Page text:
I Won't Kill Deer by George Romaine


A military man, Bric Robson comes from a long line of soldiers. His father received a medal for his heroism in WWII, and though bitter about not receiving a medal for his own courageous fighting in Viet Nam, Bric is determined that his son Willy will be recognized. Willy returned from the Iraq war missing a leg and paralyzed from the waist down. Bric continuously pressures his son to become a poster boy for the army, but Willy resists only wanting to adjust to his new life. Bric cannot let up, feeling guilt about forcing Willy to join the Army in the first place. Bric’s passive wife, Faith, and his staunchly feminist daughter, Hope, keep feeding that guilt with constant accusations, emphasizing that Willy yearned for his fathers love and approval. Obsessed with getting the very best for Willy, Bric storms the Veterans Administration demanding care for Willy’s Post-Traumatic Stress; he tries to gets Willy a job as a coach at his high school; and he lets Willy’s girlfriend Trudy know what she must do to be a good wife. Bric’s obsession goes too far. While hammering Willy about becoming a poster boy, Bric’s loud, aggressive shouting causes Willy to have a damaging flashback. Again, during a 4th of July celebration, the fireworks cause Willy to have another flashback, forcing Bric’s obsession to grow and compounding his efforts to help. Willy becomes anxious and depressed, and ultimately he cannot take his father’s pressures any longer. The two have an intense confrontation which leads Willy to suicide and changes his family’s lives forever.

EPILOGUE: Willy's family and friends are gathered at the family home after Willy's burial. Each speaks in brief eulogy. Trudy says that the relationship was working. Hope says, "We'll never know if it was an accident or suicide.” Ben, Willy’s friend as if speaking to Willy says, "You got the job, bro. You're the new Assistant Coach." Deeply saddened, Bric says, "I didn't want you to die. I didn't want to kill you." Hope plays a cassette of Willy reciting a poem he wrote for Bric one Father's Day showing his love for his Dad.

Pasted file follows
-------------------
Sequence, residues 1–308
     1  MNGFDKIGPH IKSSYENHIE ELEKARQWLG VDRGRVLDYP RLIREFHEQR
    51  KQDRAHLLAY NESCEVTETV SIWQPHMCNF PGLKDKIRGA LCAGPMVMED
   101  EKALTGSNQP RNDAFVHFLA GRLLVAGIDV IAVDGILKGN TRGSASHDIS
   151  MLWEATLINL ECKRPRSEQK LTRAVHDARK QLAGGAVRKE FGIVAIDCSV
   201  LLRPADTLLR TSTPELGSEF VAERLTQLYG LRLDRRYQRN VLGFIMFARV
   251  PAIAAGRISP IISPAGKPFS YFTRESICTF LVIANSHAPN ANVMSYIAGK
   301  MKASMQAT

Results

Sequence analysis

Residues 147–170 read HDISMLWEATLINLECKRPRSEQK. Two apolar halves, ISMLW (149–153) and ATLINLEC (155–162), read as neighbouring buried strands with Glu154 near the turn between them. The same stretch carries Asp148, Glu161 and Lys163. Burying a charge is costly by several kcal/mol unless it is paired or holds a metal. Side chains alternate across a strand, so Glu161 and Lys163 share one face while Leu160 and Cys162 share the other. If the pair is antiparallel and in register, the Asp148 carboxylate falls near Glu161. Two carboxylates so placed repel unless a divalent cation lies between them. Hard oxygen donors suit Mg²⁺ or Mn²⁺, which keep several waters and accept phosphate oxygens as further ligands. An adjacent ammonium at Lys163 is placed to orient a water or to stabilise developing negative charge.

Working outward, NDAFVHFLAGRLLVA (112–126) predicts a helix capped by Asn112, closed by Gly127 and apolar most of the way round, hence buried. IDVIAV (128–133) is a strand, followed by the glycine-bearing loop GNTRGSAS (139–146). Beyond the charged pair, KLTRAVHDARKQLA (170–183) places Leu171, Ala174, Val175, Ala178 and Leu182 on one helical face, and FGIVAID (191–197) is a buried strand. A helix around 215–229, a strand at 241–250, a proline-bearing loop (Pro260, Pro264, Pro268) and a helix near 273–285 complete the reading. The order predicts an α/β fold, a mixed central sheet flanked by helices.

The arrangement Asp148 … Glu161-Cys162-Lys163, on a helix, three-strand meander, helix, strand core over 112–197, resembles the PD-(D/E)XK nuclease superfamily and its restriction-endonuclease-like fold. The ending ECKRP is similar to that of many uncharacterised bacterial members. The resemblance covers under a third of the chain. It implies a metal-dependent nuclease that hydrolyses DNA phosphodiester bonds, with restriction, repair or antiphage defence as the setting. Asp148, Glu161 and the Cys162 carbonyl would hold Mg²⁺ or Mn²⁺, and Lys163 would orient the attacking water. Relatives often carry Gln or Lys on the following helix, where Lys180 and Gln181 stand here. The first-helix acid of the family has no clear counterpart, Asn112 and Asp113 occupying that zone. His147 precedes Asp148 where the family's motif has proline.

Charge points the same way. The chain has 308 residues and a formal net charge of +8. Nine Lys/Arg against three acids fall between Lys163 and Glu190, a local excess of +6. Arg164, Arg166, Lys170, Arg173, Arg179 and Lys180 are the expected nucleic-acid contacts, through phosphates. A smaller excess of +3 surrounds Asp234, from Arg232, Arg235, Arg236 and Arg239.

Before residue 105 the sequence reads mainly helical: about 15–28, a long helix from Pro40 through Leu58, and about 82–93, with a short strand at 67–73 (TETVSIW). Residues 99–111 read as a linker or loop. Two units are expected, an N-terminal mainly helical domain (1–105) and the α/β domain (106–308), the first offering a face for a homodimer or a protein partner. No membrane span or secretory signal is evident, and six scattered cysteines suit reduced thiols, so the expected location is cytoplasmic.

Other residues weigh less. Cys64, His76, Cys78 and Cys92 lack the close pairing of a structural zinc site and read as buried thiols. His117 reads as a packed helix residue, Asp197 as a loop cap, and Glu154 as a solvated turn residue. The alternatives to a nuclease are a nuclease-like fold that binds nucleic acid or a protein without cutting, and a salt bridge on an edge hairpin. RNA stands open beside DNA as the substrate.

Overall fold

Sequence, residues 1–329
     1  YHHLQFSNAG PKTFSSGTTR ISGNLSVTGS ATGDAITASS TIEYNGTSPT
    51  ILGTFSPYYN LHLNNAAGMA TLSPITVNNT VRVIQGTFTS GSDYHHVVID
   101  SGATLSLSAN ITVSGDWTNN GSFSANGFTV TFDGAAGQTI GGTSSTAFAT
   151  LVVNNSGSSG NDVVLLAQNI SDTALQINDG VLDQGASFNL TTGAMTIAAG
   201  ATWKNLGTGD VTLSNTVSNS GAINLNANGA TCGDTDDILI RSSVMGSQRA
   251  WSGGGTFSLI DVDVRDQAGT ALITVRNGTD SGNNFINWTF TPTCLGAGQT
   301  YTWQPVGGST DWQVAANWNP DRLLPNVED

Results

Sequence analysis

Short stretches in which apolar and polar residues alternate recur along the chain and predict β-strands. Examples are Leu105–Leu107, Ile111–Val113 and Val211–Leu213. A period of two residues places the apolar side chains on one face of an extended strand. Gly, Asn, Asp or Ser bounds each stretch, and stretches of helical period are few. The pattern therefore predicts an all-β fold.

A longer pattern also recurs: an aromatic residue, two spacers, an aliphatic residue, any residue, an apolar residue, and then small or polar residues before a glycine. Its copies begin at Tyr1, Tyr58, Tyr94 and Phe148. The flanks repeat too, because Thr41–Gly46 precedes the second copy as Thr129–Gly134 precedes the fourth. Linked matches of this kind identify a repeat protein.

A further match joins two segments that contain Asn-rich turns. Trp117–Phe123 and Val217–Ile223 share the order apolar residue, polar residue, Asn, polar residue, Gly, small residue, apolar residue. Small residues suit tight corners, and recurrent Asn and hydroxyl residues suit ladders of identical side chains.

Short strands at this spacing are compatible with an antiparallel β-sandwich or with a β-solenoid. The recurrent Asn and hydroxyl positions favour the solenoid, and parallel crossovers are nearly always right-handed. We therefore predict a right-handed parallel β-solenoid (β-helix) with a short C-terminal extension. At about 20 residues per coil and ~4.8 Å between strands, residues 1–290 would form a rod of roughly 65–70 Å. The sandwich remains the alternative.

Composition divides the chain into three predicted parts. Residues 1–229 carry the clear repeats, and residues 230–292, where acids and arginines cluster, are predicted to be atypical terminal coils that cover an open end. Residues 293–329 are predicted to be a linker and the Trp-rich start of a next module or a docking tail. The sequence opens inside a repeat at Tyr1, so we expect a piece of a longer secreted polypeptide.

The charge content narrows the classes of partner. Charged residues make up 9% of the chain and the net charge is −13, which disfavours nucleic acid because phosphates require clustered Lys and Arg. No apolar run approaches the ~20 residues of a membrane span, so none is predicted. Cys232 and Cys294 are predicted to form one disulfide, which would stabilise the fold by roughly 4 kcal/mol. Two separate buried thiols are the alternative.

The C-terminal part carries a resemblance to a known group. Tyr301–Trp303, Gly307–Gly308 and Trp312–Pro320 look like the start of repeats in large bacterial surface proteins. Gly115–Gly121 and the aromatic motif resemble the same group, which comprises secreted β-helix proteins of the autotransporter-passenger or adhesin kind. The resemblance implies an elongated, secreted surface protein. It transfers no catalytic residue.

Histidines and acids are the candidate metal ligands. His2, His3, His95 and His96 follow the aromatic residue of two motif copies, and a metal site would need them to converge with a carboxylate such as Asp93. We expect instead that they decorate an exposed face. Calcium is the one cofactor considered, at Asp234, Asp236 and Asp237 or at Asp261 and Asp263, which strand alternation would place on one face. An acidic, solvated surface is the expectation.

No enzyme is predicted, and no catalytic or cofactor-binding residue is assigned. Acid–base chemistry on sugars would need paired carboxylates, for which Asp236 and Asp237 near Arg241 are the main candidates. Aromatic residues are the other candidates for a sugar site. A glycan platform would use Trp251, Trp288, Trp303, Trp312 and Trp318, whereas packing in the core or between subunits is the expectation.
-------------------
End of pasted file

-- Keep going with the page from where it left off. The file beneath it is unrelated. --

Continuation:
Cast of Characters

  • BRIC: 60, a burly military man, ‘Big Daddy.’   

  • FAITH: 60, a religious enthusiast, dutiful but sassy, Bric’s wife.

  • HOPE: early 30s, a writer, vehement feminist. Daughter of Bric and Faith.

  • WILLY: early 20s, a wounded veteran. Son of Bric and Faith. Athletic.

  • TRUDY: early 20s, Willy’s girlfriend. Sweet, smart with an edge.

  • BEN: early 20s, Willy’s loyal friend, African American. Athletic.

  • FRED MADISON: 50s, friend of Bric. A friendly Joe.   

  • VOICEOVERS/SOUNDS: Voices and sounds of war/combat, fire engines, 4th of July sounds, etc.


PLACE: Detroit, suburb of Detroit.

TIME: Spring, the present


The suburban family home: living room, a bed room and partial view of the kitchen. Down stage left is a door to Willy's room, Upstage center stage an arch leading to the recreational room. Upstage right an arch leading to the kitchen and a hallway, the stairway going up stairs. An open area down stage center facing audience used as a bay window. The décor in the living room indicates that a staunch military man lives there. · A suburban liquor store; college hang-out in Detroit.

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ISBN #1-60513-274-8; JAC #2017-0002

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